After expectation often comes rejection. I have a daughter who said to me once, "I refuse to hope anymore. Nothing ever works out, so why bother?" Not entirely true, but where we dare to hope, occasionally our hopes will be dashed.
Yesterday, I received an email from a publisher stating that though she "likes my writing style," my novel, Noble Ark, didn't "fit with their current lineup." A rejection. I've had a fair amount of these. Anyone in the writing business has. I had a well-known agent that I was dying to work with request the full manuscript and then say that it needed more romance up-front and it's hard to sell science fiction in the YA market--rejection. Finally, a wonderful agent read it and picked me up, and then the sit-and-wait started. I got fed up with the whole publishing process and decided to self-publish, which is why this rejection hurt so much.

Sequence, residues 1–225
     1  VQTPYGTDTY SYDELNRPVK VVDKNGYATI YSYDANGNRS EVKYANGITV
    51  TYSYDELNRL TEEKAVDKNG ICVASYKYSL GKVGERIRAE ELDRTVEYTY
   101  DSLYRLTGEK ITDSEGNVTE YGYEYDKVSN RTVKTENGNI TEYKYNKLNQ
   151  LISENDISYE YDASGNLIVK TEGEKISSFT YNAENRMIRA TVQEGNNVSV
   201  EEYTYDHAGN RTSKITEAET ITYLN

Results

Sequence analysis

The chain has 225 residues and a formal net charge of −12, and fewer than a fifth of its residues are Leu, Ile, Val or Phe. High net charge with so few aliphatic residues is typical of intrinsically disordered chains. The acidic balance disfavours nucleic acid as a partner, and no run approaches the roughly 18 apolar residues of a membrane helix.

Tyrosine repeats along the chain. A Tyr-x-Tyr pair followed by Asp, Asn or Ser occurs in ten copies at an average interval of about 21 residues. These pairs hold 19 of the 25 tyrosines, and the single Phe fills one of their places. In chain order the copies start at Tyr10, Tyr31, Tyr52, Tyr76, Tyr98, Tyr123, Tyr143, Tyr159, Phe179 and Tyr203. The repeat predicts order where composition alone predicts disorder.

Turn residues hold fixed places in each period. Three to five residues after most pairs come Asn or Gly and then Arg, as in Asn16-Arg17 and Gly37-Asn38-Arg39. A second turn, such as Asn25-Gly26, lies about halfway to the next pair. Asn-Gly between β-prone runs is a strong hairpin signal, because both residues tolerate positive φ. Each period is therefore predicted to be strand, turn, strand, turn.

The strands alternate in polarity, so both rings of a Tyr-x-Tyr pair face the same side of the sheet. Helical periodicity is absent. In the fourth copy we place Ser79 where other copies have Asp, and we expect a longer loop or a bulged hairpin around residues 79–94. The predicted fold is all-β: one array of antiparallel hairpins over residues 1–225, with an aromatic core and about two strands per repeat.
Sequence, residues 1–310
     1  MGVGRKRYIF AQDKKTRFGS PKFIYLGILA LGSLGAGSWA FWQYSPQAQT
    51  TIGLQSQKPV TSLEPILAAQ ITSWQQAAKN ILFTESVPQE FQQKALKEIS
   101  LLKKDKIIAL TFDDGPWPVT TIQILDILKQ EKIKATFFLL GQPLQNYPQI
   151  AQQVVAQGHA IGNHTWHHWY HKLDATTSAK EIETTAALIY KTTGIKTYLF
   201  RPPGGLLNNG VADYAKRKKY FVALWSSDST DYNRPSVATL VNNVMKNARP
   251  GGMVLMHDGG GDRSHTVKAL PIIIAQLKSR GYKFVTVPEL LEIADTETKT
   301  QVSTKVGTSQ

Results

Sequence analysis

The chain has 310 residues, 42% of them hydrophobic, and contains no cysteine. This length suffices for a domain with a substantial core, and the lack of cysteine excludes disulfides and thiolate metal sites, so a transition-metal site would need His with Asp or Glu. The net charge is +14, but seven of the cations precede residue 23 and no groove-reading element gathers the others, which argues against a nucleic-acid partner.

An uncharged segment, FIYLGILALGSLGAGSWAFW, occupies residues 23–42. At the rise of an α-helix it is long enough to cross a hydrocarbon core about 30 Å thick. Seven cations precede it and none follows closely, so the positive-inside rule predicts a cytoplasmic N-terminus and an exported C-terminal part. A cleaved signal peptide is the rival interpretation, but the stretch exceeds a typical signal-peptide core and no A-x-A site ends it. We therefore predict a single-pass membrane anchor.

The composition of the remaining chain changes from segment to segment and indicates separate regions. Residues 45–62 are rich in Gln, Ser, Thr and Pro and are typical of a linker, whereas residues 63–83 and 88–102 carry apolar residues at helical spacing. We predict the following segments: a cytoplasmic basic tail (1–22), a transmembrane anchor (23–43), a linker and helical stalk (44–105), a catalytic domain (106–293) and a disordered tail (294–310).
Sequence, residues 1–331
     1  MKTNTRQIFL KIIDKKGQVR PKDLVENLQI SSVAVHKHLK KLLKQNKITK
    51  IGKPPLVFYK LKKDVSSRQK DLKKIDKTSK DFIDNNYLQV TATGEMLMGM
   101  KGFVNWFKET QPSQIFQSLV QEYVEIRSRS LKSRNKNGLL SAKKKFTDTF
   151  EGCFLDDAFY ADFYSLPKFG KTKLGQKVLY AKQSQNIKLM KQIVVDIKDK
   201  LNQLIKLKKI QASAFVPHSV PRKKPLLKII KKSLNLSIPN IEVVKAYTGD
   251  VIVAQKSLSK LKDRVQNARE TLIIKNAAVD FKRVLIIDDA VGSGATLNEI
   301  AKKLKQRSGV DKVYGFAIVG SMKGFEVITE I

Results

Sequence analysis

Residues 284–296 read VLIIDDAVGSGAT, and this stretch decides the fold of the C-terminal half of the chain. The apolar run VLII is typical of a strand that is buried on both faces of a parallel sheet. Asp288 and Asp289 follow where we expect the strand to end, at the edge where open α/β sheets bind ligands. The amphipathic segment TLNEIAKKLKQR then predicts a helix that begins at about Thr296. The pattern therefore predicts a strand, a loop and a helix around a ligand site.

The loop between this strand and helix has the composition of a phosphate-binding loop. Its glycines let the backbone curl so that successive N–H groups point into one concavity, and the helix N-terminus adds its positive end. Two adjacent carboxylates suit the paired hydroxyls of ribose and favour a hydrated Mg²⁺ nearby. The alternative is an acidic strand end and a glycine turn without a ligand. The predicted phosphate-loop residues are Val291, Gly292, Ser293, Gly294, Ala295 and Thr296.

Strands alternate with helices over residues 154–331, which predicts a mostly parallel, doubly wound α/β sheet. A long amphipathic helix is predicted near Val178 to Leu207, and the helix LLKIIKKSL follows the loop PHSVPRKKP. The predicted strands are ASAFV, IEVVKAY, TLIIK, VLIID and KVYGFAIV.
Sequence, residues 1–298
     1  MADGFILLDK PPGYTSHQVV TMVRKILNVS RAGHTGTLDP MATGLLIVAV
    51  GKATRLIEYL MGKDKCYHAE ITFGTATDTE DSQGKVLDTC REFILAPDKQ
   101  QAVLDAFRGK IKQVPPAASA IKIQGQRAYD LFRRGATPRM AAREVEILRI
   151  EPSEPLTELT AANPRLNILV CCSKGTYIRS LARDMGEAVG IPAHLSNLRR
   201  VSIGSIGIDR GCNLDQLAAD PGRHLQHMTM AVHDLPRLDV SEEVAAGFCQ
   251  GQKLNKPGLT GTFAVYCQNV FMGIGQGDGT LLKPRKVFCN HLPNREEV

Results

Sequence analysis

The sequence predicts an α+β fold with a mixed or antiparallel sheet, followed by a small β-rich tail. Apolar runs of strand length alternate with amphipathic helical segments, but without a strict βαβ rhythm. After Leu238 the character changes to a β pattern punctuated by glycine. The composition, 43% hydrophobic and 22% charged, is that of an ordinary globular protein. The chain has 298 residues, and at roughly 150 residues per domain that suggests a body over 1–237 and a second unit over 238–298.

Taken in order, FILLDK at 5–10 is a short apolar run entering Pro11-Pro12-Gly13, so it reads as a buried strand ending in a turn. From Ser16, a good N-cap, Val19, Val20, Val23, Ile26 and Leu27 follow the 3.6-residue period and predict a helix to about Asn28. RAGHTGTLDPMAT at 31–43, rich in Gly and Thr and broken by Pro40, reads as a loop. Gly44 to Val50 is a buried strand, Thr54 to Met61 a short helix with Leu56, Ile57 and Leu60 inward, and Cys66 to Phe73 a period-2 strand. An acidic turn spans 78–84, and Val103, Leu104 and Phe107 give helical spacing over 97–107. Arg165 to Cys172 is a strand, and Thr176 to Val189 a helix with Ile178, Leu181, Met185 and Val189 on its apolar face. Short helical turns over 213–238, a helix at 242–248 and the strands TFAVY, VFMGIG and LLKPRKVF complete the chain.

I wasn't excited at first about going with this publisher. I had just started the ball rolling to self-publish so why should I hand over a percentage of the profits? But they would take care of formatting, help with advertising, and handle much of the distribution. Okay, it might be worth it IF they could give me a good book cover. And then THEY rejected ME! Yeah, it hurt.
And then we move on.
I still have an incredible editor lined up, an amazing artist, and though I'd like to crack my skull against a wall, I'm figuring out how to do a Kickstarter project. Many people have said they want to see Noble Ark published, to have a copy in their hands and know that the sequels will be coming. Kickstarter will be the test. I hope it will succeed because hope is the one thing I can't give up. If those hopes are dashed, I'll pick up the pieces and continue to move forward. From this point on, fans and friends, we fail or succeed together.